We're ALL guilty of non-ideal health behaviour - be it smoking, drinking, diet, exercise, working hours/stress management, getting age related screening, always driving safely etc etc etc.

    Dork

    ReplyDelete
  4. Scalpel,

    The point is that none of the local private docs will see an uninsured patient at all (or, to be fair, the local privates have a certain number of slots available for the uninsured, all of which are full). And the "charity clinic" is overwhelmed. And he had a mortgage, so he didn't want to incur bills he couldn't pay.

    So the great irony is that very inexpensive meds could indeed have treated him, but the avenues of access to care were closed or severely obstructed.

    ReplyDelete
  5. And he had a mortgage, so he didn't want to incur bills he couldn't pay.

    Sounds like another case of simple prioritizing to me. He had a job, and money, but if he preferred to spend the cash on a mortgage, piano lessons, or gin it was his choice. To say his demise was the direct result of his lack of insurance is a stretch.

    ReplyDelete
  6. "The point is that none of the local private docs will see an uninsured patient at all... And the "charity clinic" is overwhelmed."

    Wow, and I thought the PNW was full of kind-hearted generous liberals who championed the downtrodden, while Texas was supposed to be full of greedy conservatives who only cared about themselves.

    I guess you can't believe everything you hear. LOL.

    ReplyDelete
  7. Platypus,

    Yeah, that frivolous twit prioritized food and housing before insurance -- silly bastard deserved what he got. I bet he even had a car, too! Clearly it was his own choice, then. Thanks for clearing that up for me.

    [/sarcasm]

    The working poor generally are living hand-to-mouth. It's not easy to find an extra $11,000 in the budget for insurance when your gross take-home is <$50,000. When the "choice" is a matter of prioritizing basic necessities like housing and food versus health, it's a false choice -- not a real option. It's pretty glib to imply that he was choosing "gin and piano lessons" when he was more at the subsistence level.

    ReplyDelete
  8. In our county, someone at that income level would pay $5 for a clinic visit, $5 for each prescription, and $25 for an ER visit. No insurance needed.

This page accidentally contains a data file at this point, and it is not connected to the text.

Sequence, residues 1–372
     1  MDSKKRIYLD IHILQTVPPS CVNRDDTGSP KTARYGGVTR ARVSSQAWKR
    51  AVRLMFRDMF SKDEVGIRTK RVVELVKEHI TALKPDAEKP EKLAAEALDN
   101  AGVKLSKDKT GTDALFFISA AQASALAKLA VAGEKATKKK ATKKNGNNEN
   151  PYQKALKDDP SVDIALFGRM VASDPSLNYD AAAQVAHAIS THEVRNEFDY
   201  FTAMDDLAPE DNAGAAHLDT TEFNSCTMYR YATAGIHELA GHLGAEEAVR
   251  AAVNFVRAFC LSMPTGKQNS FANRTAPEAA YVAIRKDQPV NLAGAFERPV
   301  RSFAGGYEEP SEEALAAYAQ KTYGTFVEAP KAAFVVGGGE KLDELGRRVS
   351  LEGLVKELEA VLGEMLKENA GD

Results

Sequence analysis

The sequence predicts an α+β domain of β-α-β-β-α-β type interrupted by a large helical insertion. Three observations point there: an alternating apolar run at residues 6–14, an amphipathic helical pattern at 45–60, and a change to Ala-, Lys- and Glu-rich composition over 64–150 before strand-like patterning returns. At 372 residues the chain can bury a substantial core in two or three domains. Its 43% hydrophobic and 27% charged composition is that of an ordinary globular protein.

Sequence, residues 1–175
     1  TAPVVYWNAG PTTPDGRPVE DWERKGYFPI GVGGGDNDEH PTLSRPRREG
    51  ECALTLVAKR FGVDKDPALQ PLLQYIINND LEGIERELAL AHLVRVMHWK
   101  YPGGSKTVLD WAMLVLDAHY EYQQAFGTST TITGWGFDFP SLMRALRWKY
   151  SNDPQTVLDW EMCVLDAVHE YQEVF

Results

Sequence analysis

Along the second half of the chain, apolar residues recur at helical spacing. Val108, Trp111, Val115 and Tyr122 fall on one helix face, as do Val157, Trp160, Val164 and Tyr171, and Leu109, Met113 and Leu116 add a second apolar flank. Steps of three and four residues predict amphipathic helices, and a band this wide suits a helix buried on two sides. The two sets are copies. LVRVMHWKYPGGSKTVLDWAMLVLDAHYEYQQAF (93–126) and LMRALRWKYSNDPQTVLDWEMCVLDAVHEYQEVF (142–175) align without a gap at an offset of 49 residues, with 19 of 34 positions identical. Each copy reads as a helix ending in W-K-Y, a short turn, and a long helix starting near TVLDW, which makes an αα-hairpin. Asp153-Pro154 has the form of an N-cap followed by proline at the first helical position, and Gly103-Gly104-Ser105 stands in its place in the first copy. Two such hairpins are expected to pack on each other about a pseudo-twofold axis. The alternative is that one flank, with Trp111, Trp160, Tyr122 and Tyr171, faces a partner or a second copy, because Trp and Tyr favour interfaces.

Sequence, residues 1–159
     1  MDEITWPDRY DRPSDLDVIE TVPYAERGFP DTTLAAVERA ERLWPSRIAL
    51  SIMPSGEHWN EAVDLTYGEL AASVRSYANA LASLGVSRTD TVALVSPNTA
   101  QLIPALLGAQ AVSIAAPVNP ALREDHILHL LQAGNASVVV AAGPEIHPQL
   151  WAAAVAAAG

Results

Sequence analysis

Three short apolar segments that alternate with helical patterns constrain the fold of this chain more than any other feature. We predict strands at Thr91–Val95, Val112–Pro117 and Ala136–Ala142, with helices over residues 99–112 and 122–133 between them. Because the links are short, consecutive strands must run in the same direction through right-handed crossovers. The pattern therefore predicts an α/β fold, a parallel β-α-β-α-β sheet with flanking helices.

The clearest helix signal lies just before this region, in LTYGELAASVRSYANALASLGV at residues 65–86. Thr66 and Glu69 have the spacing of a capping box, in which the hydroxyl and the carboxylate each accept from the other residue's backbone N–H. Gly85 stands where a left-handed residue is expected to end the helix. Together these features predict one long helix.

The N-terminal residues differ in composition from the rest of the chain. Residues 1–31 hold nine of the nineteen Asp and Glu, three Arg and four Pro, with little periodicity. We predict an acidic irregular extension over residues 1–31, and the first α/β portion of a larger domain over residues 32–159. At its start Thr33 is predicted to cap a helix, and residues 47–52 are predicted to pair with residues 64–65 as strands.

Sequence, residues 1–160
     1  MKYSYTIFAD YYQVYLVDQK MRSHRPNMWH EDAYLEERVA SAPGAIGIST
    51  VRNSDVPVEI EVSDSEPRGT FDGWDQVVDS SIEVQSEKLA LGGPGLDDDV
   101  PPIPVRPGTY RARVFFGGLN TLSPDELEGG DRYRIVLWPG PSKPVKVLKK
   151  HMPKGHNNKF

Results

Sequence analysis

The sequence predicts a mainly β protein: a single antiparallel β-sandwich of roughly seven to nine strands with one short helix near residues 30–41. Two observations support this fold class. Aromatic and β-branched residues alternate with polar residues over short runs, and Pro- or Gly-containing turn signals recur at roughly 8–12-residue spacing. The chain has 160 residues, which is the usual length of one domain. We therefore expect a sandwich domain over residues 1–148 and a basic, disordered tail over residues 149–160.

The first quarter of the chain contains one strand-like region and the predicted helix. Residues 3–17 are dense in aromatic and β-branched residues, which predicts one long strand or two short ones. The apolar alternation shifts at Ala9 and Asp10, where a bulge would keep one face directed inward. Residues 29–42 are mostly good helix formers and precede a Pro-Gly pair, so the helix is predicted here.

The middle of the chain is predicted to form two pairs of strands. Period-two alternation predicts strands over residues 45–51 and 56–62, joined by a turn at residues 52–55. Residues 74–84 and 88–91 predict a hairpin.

Yeah, thay have to wait longer to be seen. But nobody said life was perfect, and no matter how much your heart bleeds for the underpriviliged, you can't be everyone's nanny. At some point personal responsibility has to come into play.

    ReplyDelete
  9. here's what the republicans on this thread and in society are afraid to say, so i'll say it for them.

    poor people have done nothing to deserve proper healthcare treatment. at least they don't deserve treatment that in any way resembles what i receive or what anybody who makes a decent living gets. why should my hard work subsidize someone who probably sucked in school and didn't think about their future when they should have been, and now is a drain on society? you messed up, you made the wrong choices... so now, when you're sick and can't care for yourself and need a caring hand... don't come crying and bitching to me. you lose. you're a loser.

    i don't care if you had a terrible childhood, i don't care if you have a chronic illness or injury, i don't care if you have a mental illness, i don't care if you struggle with addiction... or anything else that would prevent you from working and making enough money to provide all of life's amenities... you LOSE.

    i win, because i had the dice roll my way.

    there, it's all so much clearer now, isn't it?

    ReplyDelete
  10. Liberals are really compassionate when it comes to spending other peoples' money. And really good at building strawmen.

    ReplyDelete
  11. Does anyone question whether this man would have been more likely to get a check up if he had insurance? If you're talking about how society works, surely you have to talk about forces that push in one direction or another. On the one hand there is the cost of insuring the other fifth of our population that is uninsured, and on the other is the cost of having citizens suffer and die from treatable illnesses.